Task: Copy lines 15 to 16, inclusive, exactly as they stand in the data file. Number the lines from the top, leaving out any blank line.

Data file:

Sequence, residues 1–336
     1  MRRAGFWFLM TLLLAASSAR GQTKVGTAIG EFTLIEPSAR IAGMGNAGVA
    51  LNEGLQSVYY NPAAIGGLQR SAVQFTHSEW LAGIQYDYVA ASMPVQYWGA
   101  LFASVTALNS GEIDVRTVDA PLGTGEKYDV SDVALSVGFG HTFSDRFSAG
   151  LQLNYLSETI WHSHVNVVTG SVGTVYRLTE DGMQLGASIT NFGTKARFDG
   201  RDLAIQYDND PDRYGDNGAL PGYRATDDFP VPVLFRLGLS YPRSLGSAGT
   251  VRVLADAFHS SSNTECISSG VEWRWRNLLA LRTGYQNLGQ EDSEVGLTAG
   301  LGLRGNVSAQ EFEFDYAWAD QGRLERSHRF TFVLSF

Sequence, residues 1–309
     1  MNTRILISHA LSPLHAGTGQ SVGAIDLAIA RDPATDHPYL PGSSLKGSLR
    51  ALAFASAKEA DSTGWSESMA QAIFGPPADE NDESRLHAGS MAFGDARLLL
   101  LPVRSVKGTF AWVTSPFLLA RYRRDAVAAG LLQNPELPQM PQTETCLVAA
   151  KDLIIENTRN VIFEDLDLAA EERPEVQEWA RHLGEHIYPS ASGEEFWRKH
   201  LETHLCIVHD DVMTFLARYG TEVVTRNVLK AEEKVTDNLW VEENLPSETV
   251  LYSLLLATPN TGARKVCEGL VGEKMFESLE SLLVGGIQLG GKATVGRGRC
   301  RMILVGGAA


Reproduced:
   251  LYSLLLATPN TGARKVCEGL VGEKMFESLE SLLVGGIQLG GKATVGRGRC
   301  RMILVGGAA